You'll be faced with moral decisions throughout the game. Will you harvest or adopt a Little
Sister? Bear in mind, each decision has its own pros and cons.
Now on to the type of quests you'll find yourself doing. While Andrew Ryan is no longer in charge, the city is still packed with Big Daddies, crazy splicers, and the people who want to take control of Rapture. The main jist of the story is that you're one of the original Big Daddies, and you need to reunite with the Little Sister taken from you by central antagonist Sophia Lamb. Audio diaries play a huge part in gathering all of the back stories, as they did in the first game. Through these tapes, you learn about Lamb and her cunning plans. I'll say no more on that matter though. A lot of your goals will feel very familiar if you've played the first game. You'll even find Plasmid powers in pretty much the exact same sequence as when you first ventured into Rapture. The weapons are pretty standard-fare and most of them can be found in the original, although I suppose they are at least modified aesthetically to fit your new Big Daddy physique.
Well if you've played the first you'll know what to expect here. Graphics, sound production, voice acting and sound are all top-notch. Creepy noises, howls and 50s style music all return and are as great as they were in the Rapture of old. The multiplayer holds up relatively well too. I didn't experience any serious problems while playing and the graphics are pretty much up to the singleplayer's level.
I'm going to admit that I'm not fond of the multiplayer aspect. It's decent but my main quim is simply... why? What I loved about the first game was that it didn't need to follow FPS norms and include multipalyer. It wasn't neccesary, as it isn't here. I feel like was simply slapped on to keep the online FPS guys happy. There's all the modes you'd expect (deathmatch etc..) but the main appeal for me was in the story based modes. Set during Rapture's Civil War, before the events of the first game, you're a product tester for Sinclair Solutions fighting for either Fontaine or Ryan. As you progress through matches and the Modern Warfare-style leveling system, you also receive messages and upgrades that flesh out a little of the story behind all the splicers you meet, and provide an interesting prologue to BioShock.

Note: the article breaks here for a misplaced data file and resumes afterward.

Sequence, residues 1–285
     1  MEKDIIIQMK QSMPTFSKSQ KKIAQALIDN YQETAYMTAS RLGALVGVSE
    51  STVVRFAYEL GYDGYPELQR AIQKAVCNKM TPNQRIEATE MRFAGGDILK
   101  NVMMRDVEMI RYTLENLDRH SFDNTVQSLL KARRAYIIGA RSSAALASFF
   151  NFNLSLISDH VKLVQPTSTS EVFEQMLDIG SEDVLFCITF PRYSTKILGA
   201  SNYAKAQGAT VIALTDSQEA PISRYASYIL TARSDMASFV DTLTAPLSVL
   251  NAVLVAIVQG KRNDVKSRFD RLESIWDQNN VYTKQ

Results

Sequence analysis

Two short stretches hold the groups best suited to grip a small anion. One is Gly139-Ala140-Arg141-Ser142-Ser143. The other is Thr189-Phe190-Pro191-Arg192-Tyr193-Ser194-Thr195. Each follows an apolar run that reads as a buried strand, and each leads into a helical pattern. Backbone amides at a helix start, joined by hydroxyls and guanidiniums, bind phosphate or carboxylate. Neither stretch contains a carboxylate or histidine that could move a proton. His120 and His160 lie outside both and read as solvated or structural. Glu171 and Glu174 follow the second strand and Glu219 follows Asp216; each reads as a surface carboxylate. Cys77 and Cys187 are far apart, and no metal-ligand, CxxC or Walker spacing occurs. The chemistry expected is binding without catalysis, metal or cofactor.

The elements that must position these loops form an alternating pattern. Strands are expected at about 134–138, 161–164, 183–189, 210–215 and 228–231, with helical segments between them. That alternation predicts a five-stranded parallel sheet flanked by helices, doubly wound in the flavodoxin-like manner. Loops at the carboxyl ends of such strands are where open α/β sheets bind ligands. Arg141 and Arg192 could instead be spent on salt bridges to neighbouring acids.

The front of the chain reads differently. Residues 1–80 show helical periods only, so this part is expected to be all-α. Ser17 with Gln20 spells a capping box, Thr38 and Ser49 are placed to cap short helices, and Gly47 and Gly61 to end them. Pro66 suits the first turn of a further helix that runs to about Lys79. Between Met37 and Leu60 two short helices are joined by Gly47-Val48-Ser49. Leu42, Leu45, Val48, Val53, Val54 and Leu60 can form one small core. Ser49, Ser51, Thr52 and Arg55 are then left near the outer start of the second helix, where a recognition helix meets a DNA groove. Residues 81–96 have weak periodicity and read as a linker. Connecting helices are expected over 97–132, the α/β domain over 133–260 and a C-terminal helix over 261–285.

Plasmids and guns can now be used in conjuction with each other. As a result, gameplay
feels a lot smoother and faster.
The combat takes some getting used to, but offers fast-paced combat once you're accustomed to it. You can only equip two firearms and two plasmids at a time, and you can't replenish your Plasmid energy supply with hypodermic injections - you must find the refill stations in each stage. The single-player game encourages you to use your powers whenever necessary thanks to those handy needles; the multiplayer is more about carefully managing your powers. Also, being a Big Daddy during fights is a lot of fun and you actually feel like a proper badass while you plow throught the maps. Multiplayer's decent, still just feel like it's completely unneccesary...
Subtle improvements over the original much for a fun, enjoyable experience.
Not quite as good as its sublime predecessor. It's still one of the most immersive and intriguing settings ever to grace a game, but I got a sense that I'd seen it all before.
The sights and sounds of Rapture are as fantastic as you remember.
Don't get me wrong, the multiplayer's solid and matches are entertaining. But, I'd rather they didn't add multiplayer. I feel it's just unneccesary and isn't what BioShock is about.
How can you follow one of the finest games of the generation? Well, you try to recreate what made the original so bloody amazing obviously. BioShock 2 doesn't fail on delivering a great addition to what I can only assume will be a long series. While I do feel the multiplayer was a pointless addition to proceedings, the singleplayer is once again superb. If you've played the first game and liked it, then I highly recommend you get lost in the city of Rapture once more.